“I talk about how I struggle as a parent of teenagers,” she says. “They have so much pressure. They worry what they look like and how thin they are. They are questioning and frustrated also. Health teachers ask them who drinks whole milk. At home we drink whole milk. At school they are told it’s not healthy.”

The struggle for good nutrition is tough enough without government guidelines adding to the confusion. Burkholder notes the importance of healthy fat in the diets of growing children and the importance of iron in the diets of young women.

“It is frustrating as a parent, struggling, questioning,” she relates. “Reading Teicholz’ book, and about the politics of nutrition, I started getting fired up on this deal.”

Here are just some of the conclusions Teicholz highlights in The Big Fat Surprise after nearly a decade of research:

  1. Causal associations between red meat consumption and heart disease are minimal.
  2. The HDL (good cholesterol) is increased by the saturated fat found in animal protein.
  3. Animal fat is nutrient dense, packed with protein, energy and essential vitamins and minerals. Plus, it helps the vitamins and minerals of other foods eaten together to be better absorbed by the human body.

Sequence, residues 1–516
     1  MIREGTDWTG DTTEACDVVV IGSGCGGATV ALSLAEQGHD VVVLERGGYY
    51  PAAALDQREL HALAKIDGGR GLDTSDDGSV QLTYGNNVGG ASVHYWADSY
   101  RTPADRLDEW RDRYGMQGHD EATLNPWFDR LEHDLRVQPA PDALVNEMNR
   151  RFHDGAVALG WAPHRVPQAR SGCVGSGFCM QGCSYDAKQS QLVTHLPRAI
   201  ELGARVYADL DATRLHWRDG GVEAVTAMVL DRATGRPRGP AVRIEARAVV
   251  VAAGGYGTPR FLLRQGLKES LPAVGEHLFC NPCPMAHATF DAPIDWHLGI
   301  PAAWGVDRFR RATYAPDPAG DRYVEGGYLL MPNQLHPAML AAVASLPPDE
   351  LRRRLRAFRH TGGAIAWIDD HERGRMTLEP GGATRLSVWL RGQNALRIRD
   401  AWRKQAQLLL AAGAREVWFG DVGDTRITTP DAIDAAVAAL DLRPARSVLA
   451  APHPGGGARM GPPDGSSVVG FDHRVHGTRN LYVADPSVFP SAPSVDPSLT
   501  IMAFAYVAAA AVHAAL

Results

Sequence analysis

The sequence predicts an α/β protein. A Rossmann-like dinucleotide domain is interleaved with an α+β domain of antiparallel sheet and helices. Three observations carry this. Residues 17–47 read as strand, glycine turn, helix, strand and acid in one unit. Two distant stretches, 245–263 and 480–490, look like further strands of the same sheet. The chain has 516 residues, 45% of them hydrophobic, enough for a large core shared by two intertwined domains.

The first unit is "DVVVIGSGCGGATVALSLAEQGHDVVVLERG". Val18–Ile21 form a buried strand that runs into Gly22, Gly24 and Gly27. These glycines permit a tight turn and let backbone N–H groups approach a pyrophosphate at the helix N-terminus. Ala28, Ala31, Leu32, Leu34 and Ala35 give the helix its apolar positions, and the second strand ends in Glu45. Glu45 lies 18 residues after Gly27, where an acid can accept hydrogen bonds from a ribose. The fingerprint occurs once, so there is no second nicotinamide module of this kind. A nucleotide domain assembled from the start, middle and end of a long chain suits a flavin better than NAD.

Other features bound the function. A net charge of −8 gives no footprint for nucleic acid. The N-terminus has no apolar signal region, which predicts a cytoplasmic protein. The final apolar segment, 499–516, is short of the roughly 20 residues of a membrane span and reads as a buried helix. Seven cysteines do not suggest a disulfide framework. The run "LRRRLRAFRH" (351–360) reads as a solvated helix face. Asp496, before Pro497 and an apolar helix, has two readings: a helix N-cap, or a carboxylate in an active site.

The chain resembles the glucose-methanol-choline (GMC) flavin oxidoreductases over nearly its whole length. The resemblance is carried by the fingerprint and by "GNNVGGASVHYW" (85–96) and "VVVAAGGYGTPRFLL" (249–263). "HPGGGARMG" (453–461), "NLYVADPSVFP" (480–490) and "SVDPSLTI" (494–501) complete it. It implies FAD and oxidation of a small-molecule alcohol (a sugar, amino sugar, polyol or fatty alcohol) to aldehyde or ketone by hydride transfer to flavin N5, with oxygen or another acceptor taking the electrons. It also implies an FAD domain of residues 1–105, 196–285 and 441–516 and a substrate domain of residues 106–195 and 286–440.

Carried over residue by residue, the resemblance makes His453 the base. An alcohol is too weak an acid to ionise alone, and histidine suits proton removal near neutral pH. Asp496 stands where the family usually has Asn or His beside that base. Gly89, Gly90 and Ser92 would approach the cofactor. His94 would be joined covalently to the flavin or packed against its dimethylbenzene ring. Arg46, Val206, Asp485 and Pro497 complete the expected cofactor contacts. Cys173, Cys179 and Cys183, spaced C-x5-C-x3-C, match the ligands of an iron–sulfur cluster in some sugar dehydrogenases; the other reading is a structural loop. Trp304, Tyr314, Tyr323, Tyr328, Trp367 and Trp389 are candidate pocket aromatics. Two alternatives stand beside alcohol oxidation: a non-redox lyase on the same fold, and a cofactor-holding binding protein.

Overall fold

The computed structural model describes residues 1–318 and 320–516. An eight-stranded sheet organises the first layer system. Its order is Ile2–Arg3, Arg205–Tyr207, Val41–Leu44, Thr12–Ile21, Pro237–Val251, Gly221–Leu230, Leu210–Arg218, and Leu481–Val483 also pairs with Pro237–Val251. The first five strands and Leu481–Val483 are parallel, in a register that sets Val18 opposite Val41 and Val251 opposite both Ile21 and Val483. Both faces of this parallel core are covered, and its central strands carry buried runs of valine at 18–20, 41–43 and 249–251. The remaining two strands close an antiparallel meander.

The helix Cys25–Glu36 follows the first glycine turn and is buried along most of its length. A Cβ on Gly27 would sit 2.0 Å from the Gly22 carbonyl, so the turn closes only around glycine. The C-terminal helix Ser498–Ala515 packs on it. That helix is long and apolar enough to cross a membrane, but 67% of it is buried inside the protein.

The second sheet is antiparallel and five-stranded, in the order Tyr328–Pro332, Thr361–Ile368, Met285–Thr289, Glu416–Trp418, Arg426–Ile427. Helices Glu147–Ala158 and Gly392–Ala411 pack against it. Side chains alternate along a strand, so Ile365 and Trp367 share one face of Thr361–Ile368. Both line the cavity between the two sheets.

4. There are no health studies to learn the effect of liquid vegetable oils on health. We do know that the process of solidifying vegetable oils creates very unhealthy trans fats. Butter and red meat do not contain these trans fats.
  5. Insulin levels are elevated by constant carb consumption – not by animal fat and protein. Furthermore, as insulin levels are raised, the body is less able to digest its own stored fat created by – you guessed it – carbs!  end mark

Visit health.gov to comment on the proposed Dietary Guidelines by May 8. It is easy to do electronically.

Read Anne Burkholder’s blog, Feedyard Foodie.

Read more about the The Big Fat Surprise and its author on our sister site, Progressive Dairyman.

PHOTO 1: Anne Burkholder did not always run a feedyard. The urban Floridian married a farmer and moved to central Nebraska. A mother of three sports-minded teenage daughters, she writes a blog called Feedyard Foodie. Photos by Sherry Bunting.